Gasoline and granola doesn’t sound like the breakfast of champions to me. But green-leaning, slightly square Subaru has long managed to whip it into a sweet mix with its gentle all-wheel-drive, fuel-sipping, earth-saving image.

As you know, style-challenged Subaru puts practicality and function far above performance and pretty lines – and it works exceedingly well.

For the last five years, the Japanese manufacturer has grown faster than any brand in the auto industry, selling upright crossovers and odd sedans that boast of being – hold onto your hats – “partial zero emissions” vehicles.

Whoopee.

Occasionally, though, solid-citizen Subie adds some bubbling high-octane fuel to the blend to feed more interesting crossovers like the turbocharged 2016 Forester XT Touring.

Not that Subaru is a complete stranger to the many pleasures of horsepower. Its low-selling WRX STI sedan can heat up any street.

And at one time about a decade ago, the boxy Forester XT could even be ordered with a turbocharged engine and a manual transmission, making it stand out in Subaru’s lineup of Dudley Do-Right crossovers.

While the new, more mainstream Forester XT lacks that kind of radical charm, it packs plenty of personality – something Subaru somehow manages to squeeze into most of its vehicles.

The white Forester XT Touring model I had recently certainly looked innocent enough.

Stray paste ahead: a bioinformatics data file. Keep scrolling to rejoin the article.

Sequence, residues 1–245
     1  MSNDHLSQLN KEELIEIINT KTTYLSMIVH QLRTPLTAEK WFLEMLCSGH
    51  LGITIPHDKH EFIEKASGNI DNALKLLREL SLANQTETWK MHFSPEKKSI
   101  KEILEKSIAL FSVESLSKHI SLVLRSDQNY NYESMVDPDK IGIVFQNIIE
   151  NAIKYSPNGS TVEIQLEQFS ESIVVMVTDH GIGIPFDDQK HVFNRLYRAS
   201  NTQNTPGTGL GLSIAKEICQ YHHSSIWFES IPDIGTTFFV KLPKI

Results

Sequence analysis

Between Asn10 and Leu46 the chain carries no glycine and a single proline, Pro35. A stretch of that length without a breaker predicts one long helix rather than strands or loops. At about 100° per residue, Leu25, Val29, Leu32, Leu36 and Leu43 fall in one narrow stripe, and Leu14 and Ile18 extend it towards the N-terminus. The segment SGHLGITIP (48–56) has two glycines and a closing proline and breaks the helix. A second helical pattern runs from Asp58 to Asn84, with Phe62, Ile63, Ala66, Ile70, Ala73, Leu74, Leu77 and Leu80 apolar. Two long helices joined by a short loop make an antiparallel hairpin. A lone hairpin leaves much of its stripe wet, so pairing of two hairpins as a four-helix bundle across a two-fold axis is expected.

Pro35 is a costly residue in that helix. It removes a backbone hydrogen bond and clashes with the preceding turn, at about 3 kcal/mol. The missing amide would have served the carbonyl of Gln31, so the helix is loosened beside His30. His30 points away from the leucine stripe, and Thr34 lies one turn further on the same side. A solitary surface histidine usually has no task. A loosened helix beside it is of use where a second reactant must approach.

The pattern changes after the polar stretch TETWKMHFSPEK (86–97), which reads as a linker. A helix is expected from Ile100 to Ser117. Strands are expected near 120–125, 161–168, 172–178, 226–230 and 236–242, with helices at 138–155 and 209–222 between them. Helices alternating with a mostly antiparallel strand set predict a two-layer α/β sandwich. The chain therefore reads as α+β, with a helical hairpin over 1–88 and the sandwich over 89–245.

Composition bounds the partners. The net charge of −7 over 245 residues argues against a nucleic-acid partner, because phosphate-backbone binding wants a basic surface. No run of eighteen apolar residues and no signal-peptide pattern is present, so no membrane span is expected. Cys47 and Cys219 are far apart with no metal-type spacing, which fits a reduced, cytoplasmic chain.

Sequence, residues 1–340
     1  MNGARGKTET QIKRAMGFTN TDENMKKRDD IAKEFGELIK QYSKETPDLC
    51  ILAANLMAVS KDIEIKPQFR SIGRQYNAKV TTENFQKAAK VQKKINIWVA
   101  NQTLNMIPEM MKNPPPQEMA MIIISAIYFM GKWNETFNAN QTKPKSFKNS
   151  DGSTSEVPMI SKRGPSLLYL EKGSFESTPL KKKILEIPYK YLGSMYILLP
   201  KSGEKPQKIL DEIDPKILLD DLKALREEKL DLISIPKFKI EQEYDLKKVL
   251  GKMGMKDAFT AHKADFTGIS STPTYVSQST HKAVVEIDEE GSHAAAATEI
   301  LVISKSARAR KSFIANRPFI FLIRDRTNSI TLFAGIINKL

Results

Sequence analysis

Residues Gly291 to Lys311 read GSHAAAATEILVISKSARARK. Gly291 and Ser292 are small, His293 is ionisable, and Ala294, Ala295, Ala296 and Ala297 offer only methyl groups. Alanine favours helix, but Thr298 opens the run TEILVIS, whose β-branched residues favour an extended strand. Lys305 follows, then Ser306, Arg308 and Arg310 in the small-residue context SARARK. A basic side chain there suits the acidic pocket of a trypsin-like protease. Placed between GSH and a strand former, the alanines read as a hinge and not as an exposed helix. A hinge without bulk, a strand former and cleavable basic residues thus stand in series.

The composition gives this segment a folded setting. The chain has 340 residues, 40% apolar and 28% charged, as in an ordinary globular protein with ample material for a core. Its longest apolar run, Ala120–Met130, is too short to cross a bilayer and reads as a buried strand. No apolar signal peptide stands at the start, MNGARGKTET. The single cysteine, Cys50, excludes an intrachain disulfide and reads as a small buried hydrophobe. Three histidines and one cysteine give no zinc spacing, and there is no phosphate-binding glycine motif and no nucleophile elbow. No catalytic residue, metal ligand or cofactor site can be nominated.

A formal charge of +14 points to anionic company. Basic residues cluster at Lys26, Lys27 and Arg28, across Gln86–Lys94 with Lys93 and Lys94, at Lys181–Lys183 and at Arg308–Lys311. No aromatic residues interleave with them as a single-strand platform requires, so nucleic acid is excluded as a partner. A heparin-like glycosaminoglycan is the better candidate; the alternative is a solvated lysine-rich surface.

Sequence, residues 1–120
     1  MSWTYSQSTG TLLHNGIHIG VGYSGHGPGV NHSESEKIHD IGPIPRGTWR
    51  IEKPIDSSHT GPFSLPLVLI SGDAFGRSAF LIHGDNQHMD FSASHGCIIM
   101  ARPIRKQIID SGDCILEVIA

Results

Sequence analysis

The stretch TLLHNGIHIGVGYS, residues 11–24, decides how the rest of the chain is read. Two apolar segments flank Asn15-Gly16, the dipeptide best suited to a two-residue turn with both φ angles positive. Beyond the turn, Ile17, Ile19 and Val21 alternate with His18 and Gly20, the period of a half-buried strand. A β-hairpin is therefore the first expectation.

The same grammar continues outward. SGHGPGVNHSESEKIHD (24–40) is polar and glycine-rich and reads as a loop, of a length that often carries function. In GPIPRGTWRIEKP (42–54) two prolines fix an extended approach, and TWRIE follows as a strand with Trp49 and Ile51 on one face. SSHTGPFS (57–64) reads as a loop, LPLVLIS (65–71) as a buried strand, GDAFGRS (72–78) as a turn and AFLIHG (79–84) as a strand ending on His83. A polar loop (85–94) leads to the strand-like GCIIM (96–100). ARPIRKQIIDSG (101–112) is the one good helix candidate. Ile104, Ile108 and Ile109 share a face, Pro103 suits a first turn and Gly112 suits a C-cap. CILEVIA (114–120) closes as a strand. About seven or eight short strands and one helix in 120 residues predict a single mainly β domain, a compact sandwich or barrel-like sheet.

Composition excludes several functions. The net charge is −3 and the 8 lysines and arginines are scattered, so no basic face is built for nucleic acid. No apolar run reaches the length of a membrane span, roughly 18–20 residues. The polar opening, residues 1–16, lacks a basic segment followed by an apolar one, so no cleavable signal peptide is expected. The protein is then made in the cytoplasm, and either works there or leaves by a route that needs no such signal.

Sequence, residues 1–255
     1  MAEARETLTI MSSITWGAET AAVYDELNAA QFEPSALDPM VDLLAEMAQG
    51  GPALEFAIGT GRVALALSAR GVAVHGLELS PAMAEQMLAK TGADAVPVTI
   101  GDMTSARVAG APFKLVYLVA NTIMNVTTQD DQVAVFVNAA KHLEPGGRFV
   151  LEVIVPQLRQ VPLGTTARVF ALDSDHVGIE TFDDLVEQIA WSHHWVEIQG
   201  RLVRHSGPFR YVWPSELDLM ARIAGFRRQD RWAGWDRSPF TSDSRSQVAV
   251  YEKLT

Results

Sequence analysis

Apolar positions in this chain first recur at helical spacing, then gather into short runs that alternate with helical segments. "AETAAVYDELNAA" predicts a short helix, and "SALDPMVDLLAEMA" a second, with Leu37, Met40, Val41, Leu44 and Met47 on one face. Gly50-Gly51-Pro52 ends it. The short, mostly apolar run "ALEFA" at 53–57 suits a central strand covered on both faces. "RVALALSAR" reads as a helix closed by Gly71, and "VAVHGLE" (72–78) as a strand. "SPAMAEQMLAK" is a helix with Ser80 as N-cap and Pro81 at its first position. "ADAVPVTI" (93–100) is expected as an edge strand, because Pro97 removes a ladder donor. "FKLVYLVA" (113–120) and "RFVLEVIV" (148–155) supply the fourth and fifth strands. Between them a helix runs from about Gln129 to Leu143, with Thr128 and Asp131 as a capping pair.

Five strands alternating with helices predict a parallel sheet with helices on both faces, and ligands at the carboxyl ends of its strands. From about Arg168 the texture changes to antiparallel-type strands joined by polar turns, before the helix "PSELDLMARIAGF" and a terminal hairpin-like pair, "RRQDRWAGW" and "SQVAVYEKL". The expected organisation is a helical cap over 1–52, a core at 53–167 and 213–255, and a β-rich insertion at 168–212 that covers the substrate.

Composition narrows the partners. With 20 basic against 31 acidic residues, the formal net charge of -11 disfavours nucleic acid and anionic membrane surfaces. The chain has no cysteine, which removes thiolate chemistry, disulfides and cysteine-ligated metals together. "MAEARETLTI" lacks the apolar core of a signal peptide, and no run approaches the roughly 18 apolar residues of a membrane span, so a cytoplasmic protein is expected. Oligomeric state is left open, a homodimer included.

Tall for a compact crossover, the Forester sported unusually large windows and too much overhang in front, which made it look a bit clumsy. A long, fairly flat hood settled over a protruding front end dominated by large twin-projector headlamps and a blacked-out grille.

Big doors, a hatchback and fairly flat sides kept the emphasis on practical, with the Forester appearing ready and able to haul five pudgy accountants to Golden Corral for lunch.

But look closer. Smallish dual exhausts protrude discreetly from beneath the rear bumper, and the XT rolls on slightly larger 225/55 tires wrapped around nice-looking 18-inch alloy wheels.

Like the regular Forester my parents own, the XT gets its motivation from an unusual “flat” four-cylinder engine that spins all four wheels – unfortunately through a continuously variable transmission (more on that in a minute).

Mainstream Foresters feature a normally aspirated 2.5-liter horizontally opposed four – meaning its cylinders lie parallel to the street, with two on each side.

Most four-bangers stand upright, with all four cylinders in a straight line, an arrangement that is less effective for weight distribution than the Subie’s.

In XT models, which only account for about 10 percent of the Forester’s strong sales,

Subaru goes a step further, fitting it with a turbocharged 2-liter four similar to the growler in the WRX sedan.

Although Subaru limits the version in the XT to 250 horsepower, that is still a substantial 80 more than in regular models of the Forester.

Even tethered to a spirit-sapping CVT, the salty four-banger can push the Forester to 60 in a quick 6.3 seconds, according to Car and Driver.